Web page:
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  • Dr Tanya

How To Hit Up the Sun For Your Daily Dose of Wellness


It is really hard to keep up with the current health recommendations, especially regarding vitamins and supplements. One of the vitamins I definitely include on a daily basis is vitamin D. While we rarely see true vitamin D deficiency, many people have low levels of vitamin D that leave them feeling poorly. Being low in vitamin D can leave you drained, depressed, achy, and generally not feeling well. It may even increase your risk for certain kinds of illness like heart disease or cancer. Since it is inexpensive and easy to get it's one you won't want to miss.


Vitamin D is one of a few fat soluble vitamins that is necessary for humans. Very few foods contain vitamin D with the exception of some fatty fish and liver. It is also found as a supplement in some dairy products such as milk. For most humans, the primary source of vitamin D is from conversion in the skin from sunlight. However, the vitamin D made in the skin is not biologically active and the liver and kidney are required to convert the inactive form of vitamin D. Because vitamin D is a fat soluble, it means it is stored in fat. Unlike water soluble vitamins (vitamin C, vitamin B etc), you can get too much vitamin D. It is important to check with your physician before taking this or any supplement.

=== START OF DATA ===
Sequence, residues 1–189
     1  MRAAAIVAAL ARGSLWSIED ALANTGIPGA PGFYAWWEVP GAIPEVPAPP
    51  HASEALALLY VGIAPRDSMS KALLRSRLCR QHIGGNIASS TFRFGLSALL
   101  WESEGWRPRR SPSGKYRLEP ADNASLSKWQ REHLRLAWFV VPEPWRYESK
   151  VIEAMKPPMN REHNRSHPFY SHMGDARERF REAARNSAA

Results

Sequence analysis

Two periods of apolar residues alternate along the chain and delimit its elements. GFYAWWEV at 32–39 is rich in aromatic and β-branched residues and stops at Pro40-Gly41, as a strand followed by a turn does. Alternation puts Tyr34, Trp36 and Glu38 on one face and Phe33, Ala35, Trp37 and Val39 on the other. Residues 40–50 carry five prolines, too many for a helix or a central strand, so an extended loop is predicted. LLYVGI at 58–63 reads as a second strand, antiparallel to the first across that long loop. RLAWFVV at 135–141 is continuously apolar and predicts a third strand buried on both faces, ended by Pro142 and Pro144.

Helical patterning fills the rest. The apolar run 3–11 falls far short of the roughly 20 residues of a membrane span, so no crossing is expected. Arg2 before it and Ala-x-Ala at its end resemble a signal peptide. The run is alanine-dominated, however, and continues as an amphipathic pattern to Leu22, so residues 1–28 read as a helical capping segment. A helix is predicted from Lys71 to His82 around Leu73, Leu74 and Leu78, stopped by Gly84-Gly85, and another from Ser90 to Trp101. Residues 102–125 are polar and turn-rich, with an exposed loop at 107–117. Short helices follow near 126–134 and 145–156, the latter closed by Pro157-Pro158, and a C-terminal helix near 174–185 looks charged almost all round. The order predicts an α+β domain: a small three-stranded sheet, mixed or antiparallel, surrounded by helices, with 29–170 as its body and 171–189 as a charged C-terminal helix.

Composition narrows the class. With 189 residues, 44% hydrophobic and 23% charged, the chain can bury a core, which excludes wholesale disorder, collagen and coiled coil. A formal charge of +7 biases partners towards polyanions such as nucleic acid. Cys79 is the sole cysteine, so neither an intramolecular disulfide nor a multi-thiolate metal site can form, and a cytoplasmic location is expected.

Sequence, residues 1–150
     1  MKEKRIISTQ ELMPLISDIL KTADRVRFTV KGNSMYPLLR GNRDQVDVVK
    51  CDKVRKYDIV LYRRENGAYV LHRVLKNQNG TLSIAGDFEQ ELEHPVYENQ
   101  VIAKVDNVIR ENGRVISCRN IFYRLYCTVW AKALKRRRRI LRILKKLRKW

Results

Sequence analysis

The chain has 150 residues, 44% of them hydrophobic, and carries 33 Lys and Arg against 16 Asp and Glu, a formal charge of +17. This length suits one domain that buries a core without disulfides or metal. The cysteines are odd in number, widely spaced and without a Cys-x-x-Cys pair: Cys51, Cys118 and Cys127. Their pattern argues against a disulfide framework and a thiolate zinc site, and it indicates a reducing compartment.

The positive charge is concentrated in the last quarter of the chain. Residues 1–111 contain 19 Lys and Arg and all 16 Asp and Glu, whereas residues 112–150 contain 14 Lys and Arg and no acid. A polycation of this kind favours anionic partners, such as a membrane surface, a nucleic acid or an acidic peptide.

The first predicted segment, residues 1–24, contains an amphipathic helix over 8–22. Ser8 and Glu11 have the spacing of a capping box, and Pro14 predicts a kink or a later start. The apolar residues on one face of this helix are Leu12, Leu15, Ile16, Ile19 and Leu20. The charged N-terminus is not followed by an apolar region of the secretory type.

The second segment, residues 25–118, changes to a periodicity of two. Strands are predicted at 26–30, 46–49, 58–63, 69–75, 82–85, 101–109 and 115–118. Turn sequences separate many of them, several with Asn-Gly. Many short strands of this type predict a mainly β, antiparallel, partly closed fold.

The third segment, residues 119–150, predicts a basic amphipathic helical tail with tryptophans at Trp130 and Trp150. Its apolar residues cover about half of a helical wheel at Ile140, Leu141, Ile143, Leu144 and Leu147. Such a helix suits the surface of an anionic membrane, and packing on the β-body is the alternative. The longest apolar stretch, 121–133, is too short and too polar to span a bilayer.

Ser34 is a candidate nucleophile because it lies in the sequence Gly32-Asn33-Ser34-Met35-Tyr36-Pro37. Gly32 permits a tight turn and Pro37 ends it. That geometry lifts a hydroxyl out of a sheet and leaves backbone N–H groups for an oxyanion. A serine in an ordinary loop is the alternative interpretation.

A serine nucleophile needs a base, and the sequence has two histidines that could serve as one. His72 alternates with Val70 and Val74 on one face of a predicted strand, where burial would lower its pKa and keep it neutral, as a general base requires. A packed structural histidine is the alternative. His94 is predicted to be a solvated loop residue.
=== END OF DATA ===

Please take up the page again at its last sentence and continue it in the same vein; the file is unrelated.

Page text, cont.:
How much vitamin D do we need? There are different recommendations depending on who is making them, however, it is generally accepted that a level of at least 32 ng/ml of 25-OH vitamin D is optimal. 25-OH vitamin D is the metabolite that is converted in the liver and measured in the blood. It is currently estimated that almost 70% of Americans are deficient in vitamin D. You can learn about your vitamin D level by getting a simple blood test done, and your doctor can order it for you. Unfortunately, insurance doesn't always pay for it but many people choose to pay out of pocket. If you are a member of a #DirectPrimaryCare practice you can likely get it done for just a few dollars at your doctor's office. It is about $11.00 at my office.